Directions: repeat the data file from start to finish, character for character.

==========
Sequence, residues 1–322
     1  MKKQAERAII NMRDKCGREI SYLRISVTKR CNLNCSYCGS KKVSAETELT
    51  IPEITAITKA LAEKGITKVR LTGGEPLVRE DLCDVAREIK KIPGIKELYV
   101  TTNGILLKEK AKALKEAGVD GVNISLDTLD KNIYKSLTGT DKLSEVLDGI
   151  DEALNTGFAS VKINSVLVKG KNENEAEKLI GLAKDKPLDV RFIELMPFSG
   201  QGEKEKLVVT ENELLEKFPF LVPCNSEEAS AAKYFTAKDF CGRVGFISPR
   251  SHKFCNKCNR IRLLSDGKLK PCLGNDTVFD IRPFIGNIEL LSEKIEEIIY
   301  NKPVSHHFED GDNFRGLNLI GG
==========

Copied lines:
Sequence, residues 1–322
     1  MKKQAERAII NMRDKCGREI SYLRISVTKR CNLNCSYCGS KKVSAETELT
    51  IPEITAITKA LAEKGITKVR LTGGEPLVRE DLCDVAREIK KIPGIKELYV
   101  TTNGILLKEK AKALKEAGVD GVNISLDTLD KNIYKSLTGT DKLSEVLDGI
   151  DEALNTGFAS VKINSVLVKG KNENEAEKLI GLAKDKPLDV RFIELMPFSG
   201  QGEKEKLVVT ENELLEKFPF LVPCNSEEAS AAKYFTAKDF CGRVGFISPR
   251  SHKFCNKCNR IRLLSDGKLK PCLGNDTVFD IRPFIGNIEL LSEKIEEIIY
   301  NKPVSHHFED GDNFRGLNLI GG